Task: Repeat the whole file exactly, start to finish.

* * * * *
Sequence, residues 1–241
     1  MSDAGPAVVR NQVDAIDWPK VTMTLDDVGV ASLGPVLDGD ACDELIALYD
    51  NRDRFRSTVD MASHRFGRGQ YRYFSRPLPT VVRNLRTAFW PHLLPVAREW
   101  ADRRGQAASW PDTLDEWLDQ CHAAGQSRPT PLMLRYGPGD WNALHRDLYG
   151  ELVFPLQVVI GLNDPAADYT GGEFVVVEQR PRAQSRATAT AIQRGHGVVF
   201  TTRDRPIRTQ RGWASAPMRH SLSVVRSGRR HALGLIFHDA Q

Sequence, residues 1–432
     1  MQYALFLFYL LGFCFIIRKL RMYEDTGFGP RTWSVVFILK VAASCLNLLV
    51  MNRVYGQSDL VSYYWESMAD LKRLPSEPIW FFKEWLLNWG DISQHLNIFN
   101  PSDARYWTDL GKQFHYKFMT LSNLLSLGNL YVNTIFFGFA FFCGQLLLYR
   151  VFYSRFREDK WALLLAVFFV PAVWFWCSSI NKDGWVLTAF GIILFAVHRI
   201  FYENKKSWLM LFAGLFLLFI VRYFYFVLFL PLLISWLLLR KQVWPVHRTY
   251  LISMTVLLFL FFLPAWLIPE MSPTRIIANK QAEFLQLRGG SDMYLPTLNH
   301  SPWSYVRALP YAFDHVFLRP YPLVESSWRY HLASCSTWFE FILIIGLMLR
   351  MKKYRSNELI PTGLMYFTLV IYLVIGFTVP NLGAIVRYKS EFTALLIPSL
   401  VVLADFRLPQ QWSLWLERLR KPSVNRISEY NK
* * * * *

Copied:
Sequence, residues 1–241
     1  MSDAGPAVVR NQVDAIDWPK VTMTLDDVGV ASLGPVLDGD ACDELIALYD
    51  NRDRFRSTVD MASHRFGRGQ YRYFSRPLPT VVRNLRTAFW PHLLPVAREW
   101  ADRRGQAASW PDTLDEWLDQ CHAAGQSRPT PLMLRYGPGD WNALHRDLYG
   151  ELVFPLQVVI GLNDPAADYT GGEFVVVEQR PRAQSRATAT AIQRGHGVVF
   201  TTRDRPIRTQ RGWASAPMRH SLSVVRSGRR HALGLIFHDA Q

Sequence, residues 1–432
     1  MQYALFLFYL LGFCFIIRKL RMYEDTGFGP RTWSVVFILK VAASCLNLLV
    51  MNRVYGQSDL VSYYWESMAD LKRLPSEPIW FFKEWLLNWG DISQHLNIFN
   101  PSDARYWTDL GKQFHYKFMT LSNLLSLGNL YVNTIFFGFA FFCGQLLLYR
   151  VFYSRFREDK WALLLAVFFV PAVWFWCSSI NKDGWVLTAF GIILFAVHRI
   201  FYENKKSWLM LFAGLFLLFI VRYFYFVLFL PLLISWLLLR KQVWPVHRTY
   251  LISMTVLLFL FFLPAWLIPE MSPTRIIANK QAEFLQLRGG SDMYLPTLNH
   301  SPWSYVRALP YAFDHVFLRP YPLVESSWRY HLASCSTWFE FILIIGLMLR
   351  MKKYRSNELI PTGLMYFTLV IYLVIGFTVP NLGAIVRYKS EFTALLIPSL
   401  VVLADFRLPQ QWSLWLERLR KPSVNRISEY NK